Wednesday, 19 October 2011

A poem reflect anti-Arabism in Iran: The God of Arabs

A video of famous Iranian poet Mostafa Badkoobei reciting a poem that derides Arabs and Islam has been widely circulated on the internet, stirring much controversy and once more bringing to the forefront the long standing issue of discrimination against non-Persians in Iran.

The poem entitled “The God of Arabs” came in response to a statement made by a guest in a show on state TV that “Arabic is the language of heaven dwellers.”

In order not to provoke the five-million-strong Arab in Al Ahwaz, also called the Ahwazis, Badkoobei said that even though they speak Arabic, they know that they are Iranians and not Arabs, a statement that was met by applause by the audience listening to the poem being recited.

In the poem, recited in a government cultural institution in the western city of Hamedan, Badkoobei said, “Take me to the depths of the underworld, you Arab god, provided that I don’t find any Arabs there.”

He added, to the applause of the audience, that he does not need the heaven promised to Arabs then addresses God and asks, “Didn’t you yourself say that Arabs are the most hypocritical? Why then do the imbeciles praise Arabs?”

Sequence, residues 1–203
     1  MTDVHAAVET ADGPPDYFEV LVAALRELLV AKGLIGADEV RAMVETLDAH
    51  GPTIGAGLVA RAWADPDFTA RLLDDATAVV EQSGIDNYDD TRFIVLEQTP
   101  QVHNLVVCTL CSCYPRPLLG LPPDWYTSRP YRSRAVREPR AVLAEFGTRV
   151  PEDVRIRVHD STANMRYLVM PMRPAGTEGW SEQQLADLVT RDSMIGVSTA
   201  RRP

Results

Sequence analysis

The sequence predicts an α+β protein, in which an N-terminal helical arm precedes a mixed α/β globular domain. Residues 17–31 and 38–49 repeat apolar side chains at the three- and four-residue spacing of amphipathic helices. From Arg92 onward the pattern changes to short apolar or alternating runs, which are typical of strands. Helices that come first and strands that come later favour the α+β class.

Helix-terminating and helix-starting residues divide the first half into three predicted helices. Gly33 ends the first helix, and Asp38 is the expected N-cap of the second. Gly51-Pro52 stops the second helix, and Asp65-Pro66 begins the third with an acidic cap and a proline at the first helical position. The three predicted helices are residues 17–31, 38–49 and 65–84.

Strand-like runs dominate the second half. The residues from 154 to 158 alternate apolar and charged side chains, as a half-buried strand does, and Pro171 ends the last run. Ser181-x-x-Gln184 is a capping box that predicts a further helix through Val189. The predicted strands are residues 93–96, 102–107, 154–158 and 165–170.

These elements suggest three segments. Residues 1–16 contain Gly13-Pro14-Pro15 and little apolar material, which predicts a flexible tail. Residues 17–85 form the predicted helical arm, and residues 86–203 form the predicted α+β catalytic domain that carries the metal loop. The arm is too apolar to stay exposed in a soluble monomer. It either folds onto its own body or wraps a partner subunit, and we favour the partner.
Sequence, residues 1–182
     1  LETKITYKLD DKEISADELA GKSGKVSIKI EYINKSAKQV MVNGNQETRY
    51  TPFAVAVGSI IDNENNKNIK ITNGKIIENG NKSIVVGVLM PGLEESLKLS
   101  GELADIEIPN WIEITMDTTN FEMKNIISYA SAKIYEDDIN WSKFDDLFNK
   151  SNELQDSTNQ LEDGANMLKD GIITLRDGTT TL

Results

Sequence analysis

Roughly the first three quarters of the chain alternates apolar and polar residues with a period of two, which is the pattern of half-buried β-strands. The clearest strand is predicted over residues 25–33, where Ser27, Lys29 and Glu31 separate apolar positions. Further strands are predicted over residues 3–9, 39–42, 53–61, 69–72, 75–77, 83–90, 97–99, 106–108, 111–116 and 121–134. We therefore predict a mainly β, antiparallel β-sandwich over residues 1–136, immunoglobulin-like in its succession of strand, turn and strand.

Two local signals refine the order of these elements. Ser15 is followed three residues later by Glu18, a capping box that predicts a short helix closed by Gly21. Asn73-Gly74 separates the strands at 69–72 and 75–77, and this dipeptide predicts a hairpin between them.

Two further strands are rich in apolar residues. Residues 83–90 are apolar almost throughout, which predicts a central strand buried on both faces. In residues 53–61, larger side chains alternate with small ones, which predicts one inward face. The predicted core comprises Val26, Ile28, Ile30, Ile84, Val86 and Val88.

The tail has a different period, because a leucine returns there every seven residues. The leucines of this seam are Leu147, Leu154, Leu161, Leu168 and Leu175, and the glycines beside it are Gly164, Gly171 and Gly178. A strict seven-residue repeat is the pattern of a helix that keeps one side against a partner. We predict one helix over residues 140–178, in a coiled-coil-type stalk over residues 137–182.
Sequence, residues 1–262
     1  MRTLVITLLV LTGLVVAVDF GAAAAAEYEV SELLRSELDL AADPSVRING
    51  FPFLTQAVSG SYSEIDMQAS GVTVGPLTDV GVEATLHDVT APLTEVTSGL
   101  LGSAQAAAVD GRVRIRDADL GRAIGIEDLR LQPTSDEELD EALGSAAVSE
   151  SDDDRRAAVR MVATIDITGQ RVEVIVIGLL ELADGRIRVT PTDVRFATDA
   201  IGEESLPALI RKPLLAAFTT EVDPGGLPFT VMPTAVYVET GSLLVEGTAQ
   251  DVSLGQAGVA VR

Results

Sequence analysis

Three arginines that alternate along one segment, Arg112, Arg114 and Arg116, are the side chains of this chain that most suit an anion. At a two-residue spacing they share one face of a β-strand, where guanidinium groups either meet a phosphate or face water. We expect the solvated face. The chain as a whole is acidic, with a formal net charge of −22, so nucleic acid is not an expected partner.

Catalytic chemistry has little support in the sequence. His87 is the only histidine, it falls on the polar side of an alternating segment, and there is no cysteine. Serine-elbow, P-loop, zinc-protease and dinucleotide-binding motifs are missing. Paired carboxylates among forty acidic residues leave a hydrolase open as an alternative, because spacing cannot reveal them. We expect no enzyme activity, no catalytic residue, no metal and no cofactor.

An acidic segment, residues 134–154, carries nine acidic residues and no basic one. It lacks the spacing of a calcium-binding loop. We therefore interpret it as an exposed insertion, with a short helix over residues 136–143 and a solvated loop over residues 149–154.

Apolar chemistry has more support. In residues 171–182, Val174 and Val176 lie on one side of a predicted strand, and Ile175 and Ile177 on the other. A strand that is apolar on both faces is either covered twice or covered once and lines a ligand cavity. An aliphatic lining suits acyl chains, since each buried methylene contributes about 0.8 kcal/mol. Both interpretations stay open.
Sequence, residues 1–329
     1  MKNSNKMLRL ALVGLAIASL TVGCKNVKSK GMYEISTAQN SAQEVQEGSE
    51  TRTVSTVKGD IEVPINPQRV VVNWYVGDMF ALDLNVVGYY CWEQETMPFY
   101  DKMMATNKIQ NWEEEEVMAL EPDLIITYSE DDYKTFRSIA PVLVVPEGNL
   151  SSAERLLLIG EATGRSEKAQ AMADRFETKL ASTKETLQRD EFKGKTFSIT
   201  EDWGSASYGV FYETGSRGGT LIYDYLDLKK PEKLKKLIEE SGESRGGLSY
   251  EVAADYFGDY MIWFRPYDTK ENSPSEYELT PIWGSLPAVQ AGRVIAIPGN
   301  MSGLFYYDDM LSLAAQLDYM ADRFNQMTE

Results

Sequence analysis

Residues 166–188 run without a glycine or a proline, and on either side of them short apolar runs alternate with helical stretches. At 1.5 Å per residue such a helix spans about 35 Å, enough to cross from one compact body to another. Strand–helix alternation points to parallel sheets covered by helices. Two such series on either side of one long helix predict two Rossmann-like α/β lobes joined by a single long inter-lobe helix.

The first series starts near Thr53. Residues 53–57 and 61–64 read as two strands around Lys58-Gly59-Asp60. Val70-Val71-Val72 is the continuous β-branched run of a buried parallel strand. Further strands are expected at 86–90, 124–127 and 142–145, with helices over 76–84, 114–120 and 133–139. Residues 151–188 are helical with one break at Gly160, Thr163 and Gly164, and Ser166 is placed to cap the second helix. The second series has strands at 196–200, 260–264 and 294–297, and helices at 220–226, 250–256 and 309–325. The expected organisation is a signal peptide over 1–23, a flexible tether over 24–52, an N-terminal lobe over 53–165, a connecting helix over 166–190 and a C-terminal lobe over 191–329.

Badkoobei went on to praise the glory of Iran before the advent of Islam and alleged that Persians converted to Islam by force. He also praised Persian poets like Rumi, who he said was much more mature than “Arab tales,” an implicit reference to prophets’ stories of the Quran.

He also added that he prefers Rubaiyat of Omar Khayyam and the words of Gandhi to the “Arab gardens,” a reference to heaven as portrayed in the Quran.

Badkoobei then ends the poem with a plea to God.

“Please God save my country from the Arab plight.”


Hamed al-Kanani, an expert on Iranian Affairs, said that anti-Arab sentiments have become part and parcel of Iran’s psyche since the establishment of the modern Iranian state.

“The word ‘Arab’ has become an antonym for ‘Persian’ or ‘Iranian’ and in the case of Ahwazis, they will not be accepted as Iranians unless they give up their Arab identity,” he said.

Kanani pointed out that Badkoobei referred to Ahwazis as Khuzis, which means residents of the pre-dominantly Arab province of Khuzestan, whose name was changed from Arabstan by the Shah as part of a nation-wide Persianization plan that aimed to erase Arab identity in Iran.

It is impossible, Kanani argues to strip Ahwazis of the their Arab identity since Arabs in Iran constitute the natural extension of Arab tribes in the Arabian Peninsula and southern Iraq like Bani Kaab, Bani Assad, Bani Tamim, Bani Khaled, and Al Khamis.

“How could he strip all those tribes of their Arab heritage?”

It is not surprising, Kanani argued, that Badkoobei expresses through his poem the general animosity towards Arabs in Iran since this has been the case since the time of the Shah. Yet, he added, what came as a shock was that fact that the poet mocked God and Islam in an institution affiliated to the Islamic republic.

“How could a country that claims it is the guardian of Islam and Muslims allow someone to insult Islam and God under their very nose?”


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